• Disassociations
  • Feeling disconnected or numb
  • Feeling sad, hopeless, or in despair
  • Indentify changes
  • Depression
  • Panic attacks
  • Outbursts of anger
  • Mood swings
  • Regression
  • Emotional detachment

Finally, trauma can have negative consequences on your social life. Social effects of trauma include:

  • Decrease in performance at work or school
  • Withdrawal from loved ones
  • Lack of enjoyment in hobbies or activities once enjoyed
  • Avoidance of social situations or any events that may be a “trigger” of the trauma
People who have experienced trauma are [4]:
  •  15 times more likely to attempt suicide
  •  4 times more likely to become an alcoholic
  •  4 times more likely to develop a Sexually Transmitted Disease
  •  4 times more likely to inject drugs
  •  3 times more likely to use antidepressant medications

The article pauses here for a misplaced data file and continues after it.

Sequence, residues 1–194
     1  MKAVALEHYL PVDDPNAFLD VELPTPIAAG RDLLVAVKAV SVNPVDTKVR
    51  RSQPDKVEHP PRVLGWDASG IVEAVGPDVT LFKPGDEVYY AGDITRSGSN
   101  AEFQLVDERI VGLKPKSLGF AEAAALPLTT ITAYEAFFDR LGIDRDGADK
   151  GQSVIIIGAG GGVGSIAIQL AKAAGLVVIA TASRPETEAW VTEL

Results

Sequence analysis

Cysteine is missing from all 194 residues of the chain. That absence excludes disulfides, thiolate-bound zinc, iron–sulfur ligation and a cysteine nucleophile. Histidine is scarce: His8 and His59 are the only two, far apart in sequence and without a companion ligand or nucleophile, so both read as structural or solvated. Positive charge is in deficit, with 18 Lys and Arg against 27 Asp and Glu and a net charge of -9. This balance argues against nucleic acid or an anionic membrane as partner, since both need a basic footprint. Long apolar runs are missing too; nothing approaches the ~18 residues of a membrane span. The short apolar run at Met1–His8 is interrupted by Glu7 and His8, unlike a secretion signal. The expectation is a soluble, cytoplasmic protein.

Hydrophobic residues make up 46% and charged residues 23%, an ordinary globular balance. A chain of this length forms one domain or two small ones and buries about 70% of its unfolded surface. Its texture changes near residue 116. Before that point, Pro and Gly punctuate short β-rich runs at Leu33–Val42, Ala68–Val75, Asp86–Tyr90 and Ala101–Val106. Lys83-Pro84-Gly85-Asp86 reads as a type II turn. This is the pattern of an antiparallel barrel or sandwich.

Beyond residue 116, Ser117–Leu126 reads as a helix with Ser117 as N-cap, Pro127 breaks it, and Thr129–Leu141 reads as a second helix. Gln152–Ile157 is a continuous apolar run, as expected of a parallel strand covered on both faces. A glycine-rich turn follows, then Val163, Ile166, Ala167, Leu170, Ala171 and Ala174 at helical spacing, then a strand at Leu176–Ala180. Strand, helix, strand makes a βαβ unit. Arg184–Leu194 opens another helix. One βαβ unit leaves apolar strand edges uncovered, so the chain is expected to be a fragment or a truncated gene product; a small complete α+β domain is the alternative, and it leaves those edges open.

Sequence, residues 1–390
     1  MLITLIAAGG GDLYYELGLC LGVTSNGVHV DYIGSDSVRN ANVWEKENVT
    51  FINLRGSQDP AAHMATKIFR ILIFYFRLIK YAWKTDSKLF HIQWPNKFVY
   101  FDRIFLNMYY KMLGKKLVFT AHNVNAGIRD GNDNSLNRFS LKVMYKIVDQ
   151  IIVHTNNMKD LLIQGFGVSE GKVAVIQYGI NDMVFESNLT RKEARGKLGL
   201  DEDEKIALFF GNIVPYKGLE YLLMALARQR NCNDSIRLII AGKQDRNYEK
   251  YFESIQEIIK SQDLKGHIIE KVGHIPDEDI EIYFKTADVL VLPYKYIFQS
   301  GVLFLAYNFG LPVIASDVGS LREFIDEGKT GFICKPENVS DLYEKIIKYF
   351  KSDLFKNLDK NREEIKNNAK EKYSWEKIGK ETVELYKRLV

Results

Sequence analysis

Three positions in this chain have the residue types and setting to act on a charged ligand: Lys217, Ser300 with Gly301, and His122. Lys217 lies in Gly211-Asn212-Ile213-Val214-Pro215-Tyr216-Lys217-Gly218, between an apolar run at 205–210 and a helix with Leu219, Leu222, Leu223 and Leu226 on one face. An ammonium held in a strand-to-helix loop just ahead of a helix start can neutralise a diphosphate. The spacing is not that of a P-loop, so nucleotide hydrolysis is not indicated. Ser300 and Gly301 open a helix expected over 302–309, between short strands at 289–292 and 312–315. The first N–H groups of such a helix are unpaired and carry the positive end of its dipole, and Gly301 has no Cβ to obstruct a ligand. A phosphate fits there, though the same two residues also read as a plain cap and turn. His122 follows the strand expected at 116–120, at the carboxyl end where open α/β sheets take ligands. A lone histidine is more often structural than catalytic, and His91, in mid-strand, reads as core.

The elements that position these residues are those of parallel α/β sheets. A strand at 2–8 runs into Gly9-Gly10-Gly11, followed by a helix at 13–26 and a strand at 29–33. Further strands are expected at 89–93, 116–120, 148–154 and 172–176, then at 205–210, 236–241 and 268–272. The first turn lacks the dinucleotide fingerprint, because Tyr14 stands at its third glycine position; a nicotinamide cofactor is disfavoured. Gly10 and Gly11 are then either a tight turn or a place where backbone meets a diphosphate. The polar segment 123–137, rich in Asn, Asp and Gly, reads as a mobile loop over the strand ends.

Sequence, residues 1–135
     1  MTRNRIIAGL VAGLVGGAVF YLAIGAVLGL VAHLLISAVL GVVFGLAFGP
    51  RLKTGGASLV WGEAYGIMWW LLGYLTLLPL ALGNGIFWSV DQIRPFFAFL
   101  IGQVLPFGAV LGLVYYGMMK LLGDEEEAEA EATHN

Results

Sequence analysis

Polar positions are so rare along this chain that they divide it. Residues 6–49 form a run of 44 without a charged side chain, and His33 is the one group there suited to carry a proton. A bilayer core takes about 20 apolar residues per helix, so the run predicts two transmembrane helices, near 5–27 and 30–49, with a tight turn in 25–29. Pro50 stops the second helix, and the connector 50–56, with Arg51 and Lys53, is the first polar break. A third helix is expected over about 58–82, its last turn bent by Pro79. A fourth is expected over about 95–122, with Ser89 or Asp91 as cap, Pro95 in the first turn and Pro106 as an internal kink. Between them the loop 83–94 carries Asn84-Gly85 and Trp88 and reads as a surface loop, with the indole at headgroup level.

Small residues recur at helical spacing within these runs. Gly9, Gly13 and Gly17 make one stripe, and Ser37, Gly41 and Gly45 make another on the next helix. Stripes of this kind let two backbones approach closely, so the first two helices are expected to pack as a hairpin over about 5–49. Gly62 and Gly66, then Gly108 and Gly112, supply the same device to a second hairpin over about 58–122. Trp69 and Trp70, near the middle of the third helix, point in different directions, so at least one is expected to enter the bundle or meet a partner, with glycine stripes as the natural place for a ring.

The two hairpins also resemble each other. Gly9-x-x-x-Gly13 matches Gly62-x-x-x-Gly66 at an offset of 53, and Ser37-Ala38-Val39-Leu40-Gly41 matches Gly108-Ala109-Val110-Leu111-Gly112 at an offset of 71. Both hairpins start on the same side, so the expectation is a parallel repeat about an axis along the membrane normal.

•  3 times more likely to be absent from work
  •  3 times more likely to experience depression
  •  3 times more likely to have serious job problems
  •  2.5 times more likely to smoke
  •  2 times more likely to develop chronic obstructive pulmonary disease
  •  2 times more likely to have a serious financial problem
  • Studies have shown that up to 75% of individuals seeking treatment for a substance abuse disorder have been exposed to or experienced a traumatic event in their lives (SAMHSA/CSAT, 2000). Studies show that 12%-34% of individuals in substance abuse treatment are also diagnosed with Post-Traumatic Stress Disorder, the official psychiatric diagnosis for individuals who have experienced a trauma.